NEW ORLEANS — One hundred years ago, Le Petit Theater opened its doors inside the building on Saint Peters Street.
Now, the theatre is making strides to celebrate diversity within the New Orleans community by making the next 100 more accessible and inclusive to everyone.
“There was a little theater movement across America,” says Don Scott-Cooper, Producing Executive Director. “It was the opportunity to take theater from Broadway and bring it to communities.”
Le Petit Theatre Du Vieux Carre’ has done just that as one of the longest-running community theaters.
Executive Director Don Scott-Cooper says the “little theater” movement was a hit from the start in New Orleans.
“What I’m impressed by in the history of Le Petit is they have told really dense, really rich stories from the beginning,” he said. “They’ve done Chekov—they have never shied away from telling important stories.”
Cooper says there has been community support from the very start. Mark Romig is one of the longtime volunteers at Le Petit.
“The history of this theater is replete with actors being on this stage. Helen Hayes for instance comes to mind,” Romig said. “She was a patron of this theatre. That says something about what this theater has done."
The 500-seat theater gives an intimate glimpse of the stories told on this stage and a connection with the actors whose production quality can make you feel part of the story.
That’s what Kenna Moore hopes for as she takes the reign as the Interim Artistic Director, a historic move as Moore could be the first Black woman in the role.
“We definitely want to pay attention to creating more diversity,” Moore said. “Not only for our audience but for those that are on our stage and behind the stage who are doing costumes or directing or designing. We want to make sure that we’re paying attention to those details and we’re being intentional about who we’re hiring and who’s telling these stories.”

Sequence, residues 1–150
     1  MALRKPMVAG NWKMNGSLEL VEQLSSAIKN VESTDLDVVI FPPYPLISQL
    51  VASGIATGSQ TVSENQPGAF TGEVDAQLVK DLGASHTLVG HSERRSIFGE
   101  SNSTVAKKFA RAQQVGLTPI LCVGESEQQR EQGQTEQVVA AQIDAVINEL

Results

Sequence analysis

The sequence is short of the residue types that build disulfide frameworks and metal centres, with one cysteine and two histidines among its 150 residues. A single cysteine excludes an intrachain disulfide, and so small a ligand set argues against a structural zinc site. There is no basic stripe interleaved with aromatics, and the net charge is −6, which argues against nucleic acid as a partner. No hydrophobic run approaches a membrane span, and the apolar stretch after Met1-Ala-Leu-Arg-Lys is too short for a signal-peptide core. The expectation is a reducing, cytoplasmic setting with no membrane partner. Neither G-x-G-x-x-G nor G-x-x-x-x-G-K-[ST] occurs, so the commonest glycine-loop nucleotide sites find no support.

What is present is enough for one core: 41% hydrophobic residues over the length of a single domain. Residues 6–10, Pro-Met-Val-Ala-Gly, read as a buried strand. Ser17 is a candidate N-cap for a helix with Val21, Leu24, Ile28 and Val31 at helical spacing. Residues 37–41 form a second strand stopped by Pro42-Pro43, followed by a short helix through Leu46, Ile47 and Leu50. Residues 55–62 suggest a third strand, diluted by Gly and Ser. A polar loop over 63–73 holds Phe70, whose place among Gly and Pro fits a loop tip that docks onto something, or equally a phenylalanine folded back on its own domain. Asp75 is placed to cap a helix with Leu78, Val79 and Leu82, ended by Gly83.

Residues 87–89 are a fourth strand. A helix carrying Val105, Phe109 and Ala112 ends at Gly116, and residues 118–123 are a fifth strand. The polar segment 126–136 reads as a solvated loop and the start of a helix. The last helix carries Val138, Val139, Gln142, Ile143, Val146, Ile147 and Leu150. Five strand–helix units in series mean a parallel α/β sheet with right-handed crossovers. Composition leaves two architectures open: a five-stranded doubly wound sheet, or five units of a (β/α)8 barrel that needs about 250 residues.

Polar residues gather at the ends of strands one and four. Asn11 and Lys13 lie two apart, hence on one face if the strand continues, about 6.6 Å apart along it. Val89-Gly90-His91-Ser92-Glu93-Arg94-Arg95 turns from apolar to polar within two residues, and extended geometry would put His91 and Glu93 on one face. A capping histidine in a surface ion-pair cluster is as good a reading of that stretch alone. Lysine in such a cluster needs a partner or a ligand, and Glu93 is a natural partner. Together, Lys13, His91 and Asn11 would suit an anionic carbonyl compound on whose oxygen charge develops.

Nic Ashe is best known as “Micah” in the hit television show “Queen Sugar” filmed in Southeast Louisiana. He first emerged on the theater stage and debuted, at Le Petit at least, as the director of “Choir Boy.”
“'Choir Boy' chronicles an all boy, all Black Christian boarding school,” says Ashe. “Where we see our protagonist coming up, grappling with who he is and who he wants to be. I think this story resonated with audiences because High School is a really pivotal moment in your life.”
“It was something, I think, Le Petit has never seen before.”
Kenna hopes to continue this new wave of the small theater movement in New Orleans.
“In a growing industry such as film, we need a hub like this where people who look like me can cultivate their skills,” Moore said. “To figure out what they want to do in life.”
Le Petit makes that much easier through education programs and giving access to everyone.
“We have the young conservatory program, which is actor training for Ages 8-18,” Cooper said. “They work with professional artists. We also do a theatrical workforce development program; it teaches you all the backstage things.”
To learn more about the programs, you can visit https://www.lepetittheatre.com/.